Elkhorn Summit Bike Climb - PJAMM Cycling

Elkhorn Summit


A remote and challenging climb in northeastern Oregon.

Page Contributor(s): Ron Hawks, Las Vegas, Nevada, USA; Bruce Hamilton, La Quinta, CA, USA

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Climb Summary


Cycling Elkhorn Summit in northeastern Oregon.

Ride 10.4 miles gaining 3,647’ to elevation 7,220’ at 6.4% average grade.

This climb starts about 12 miles out of the tiny northeastern Oregon town of Haines and travels 10.3 miles up to Anthony Lakes Mountain Resort (ski/snowboard resort).  This climb is an outlier as it is 281 miles from the next Top 100 climb (Hood Mountain near Portland).



Oddly, there is no Strava segment to the top of Elkhorn Summit.  The main Strava Segment (The Anthony Climb) ends at the first of two summits, just before the .8 mile -2% 99’ descent that begins at mile 10.8.  Ride 2 miles past the start of the descent to reach the true summit.


Thanks much Bruce!

Steepest ¼ mile begins at mile 1.5 (11.4%) and steepest mile at 8.8 (9.6%)

The aptly named  LaGrandeRide.com  provides an excellent summary of this climb, which includes the following:

Finishing this climb in less than an hour is very fast. Most should expect to be climbing for well-over an hour. The pain begins immediately upon crossing a small bridge over the Powder River as the road immediately turns sharply upward on some very rough pavement. The climbing eases up a bit upon entering the Wallowa-Whitman National Forest, where the road surface also improves considerably. At one point, the road nearly levels for a very short reprieve and then returns to the consistently steep gradients that characterize the climb. The only other relief is a 5 percent grade at the trai head entrance for Van Patten Lake. For the remainder of the climb the air gets thinner, pavement starts to degrade, and the road gets even more serious. Two long straight stretches demoralize the climber near the top, because the road appears to continue upward indefinitely. Eventually the road crests at an inauspicious section that gives very little indication that the violence has culminated. At this point, ego-oriented climbers should stop their watches because the official climb is complete—start timer at bridge, go all out, stop timer at dirt road on the right where the climbing stops, work done. Anthony Lakes Campground is just a quarter mile down the road, and offers a gorgeous setting to rest and refill water bottles. Cyclists should exercise caution on the descent, watching for anomalies in the road, loose gravel, and oncoming traffic on the corners.  While the climb does offer a few beautiful views of the Baker Valley and the Wallowa Mountains to the East, the true beauty is in the physical effort required to ride this climb. For riders who take time to sit up and enjoy their surroundings, there are other scenic offerings. The road takes the cyclist through thickly forested ponderosa and tamarack pines in the lower elevations. At higher elevations the trees get shorter and more sparse, giving way to white granite rocks and mountainous terrain that is characteristic of the Elkhorn mountains, a tall range sandwiched between the Blue Mountains and Wallowa Mountains. The road follows Antone Creek for most of the climb and then bisects Bear Butte and Van Patten Butte before topping out and entering the Anthony Lakes basin. The Anthony Lakes area hosts a variety of recreational opportunities throughout the year. Winter sports include nordic and alpine skiing and snowmobiling. Summer activities include mountain climbing, mountain biking, fishing, canoeing, hiking, and camping. A few things that may be experienced on the ride: mountain goats, big horn sheep, bear, elk, bald eagles, turkeys, and maybe prong-horned antelope.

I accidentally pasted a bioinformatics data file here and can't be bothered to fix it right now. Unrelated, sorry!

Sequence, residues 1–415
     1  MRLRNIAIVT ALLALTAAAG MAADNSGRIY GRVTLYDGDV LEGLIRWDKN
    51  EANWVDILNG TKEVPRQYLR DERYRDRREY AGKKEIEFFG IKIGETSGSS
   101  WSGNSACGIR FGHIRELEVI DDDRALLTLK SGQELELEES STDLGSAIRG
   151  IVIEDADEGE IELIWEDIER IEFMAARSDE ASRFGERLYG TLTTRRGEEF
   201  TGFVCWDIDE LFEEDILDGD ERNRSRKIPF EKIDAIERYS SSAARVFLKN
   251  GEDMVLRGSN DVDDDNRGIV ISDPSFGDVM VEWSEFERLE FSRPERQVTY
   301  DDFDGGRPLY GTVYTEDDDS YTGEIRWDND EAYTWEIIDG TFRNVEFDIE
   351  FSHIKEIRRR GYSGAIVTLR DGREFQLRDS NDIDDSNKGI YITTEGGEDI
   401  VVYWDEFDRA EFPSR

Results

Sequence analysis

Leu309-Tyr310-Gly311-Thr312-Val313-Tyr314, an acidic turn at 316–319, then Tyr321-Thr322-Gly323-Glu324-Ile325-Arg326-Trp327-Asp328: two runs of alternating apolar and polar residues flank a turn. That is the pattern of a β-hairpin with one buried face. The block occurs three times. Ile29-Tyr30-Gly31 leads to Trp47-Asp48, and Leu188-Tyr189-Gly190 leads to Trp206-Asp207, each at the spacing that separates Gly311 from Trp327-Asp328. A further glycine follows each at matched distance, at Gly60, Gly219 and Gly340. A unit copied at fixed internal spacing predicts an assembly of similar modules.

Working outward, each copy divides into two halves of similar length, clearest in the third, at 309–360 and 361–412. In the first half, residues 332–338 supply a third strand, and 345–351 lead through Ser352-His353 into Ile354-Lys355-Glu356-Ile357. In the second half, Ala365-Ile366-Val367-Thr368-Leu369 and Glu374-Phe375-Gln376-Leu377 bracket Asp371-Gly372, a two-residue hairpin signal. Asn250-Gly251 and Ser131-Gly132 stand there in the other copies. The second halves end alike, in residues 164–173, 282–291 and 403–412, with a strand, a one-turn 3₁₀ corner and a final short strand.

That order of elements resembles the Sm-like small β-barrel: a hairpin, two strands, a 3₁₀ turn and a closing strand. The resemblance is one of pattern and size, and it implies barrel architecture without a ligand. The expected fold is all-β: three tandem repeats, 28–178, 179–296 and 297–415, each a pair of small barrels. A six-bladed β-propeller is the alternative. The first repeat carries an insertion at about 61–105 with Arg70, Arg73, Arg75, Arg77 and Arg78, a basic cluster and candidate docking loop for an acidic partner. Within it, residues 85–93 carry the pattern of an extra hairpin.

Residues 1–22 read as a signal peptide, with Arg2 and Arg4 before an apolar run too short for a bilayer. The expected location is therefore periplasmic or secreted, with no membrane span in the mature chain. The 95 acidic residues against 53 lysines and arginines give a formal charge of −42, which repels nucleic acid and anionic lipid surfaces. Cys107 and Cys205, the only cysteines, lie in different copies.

Thank you to LaGrandeRide.com - The Anthony Climb for this excellent summary.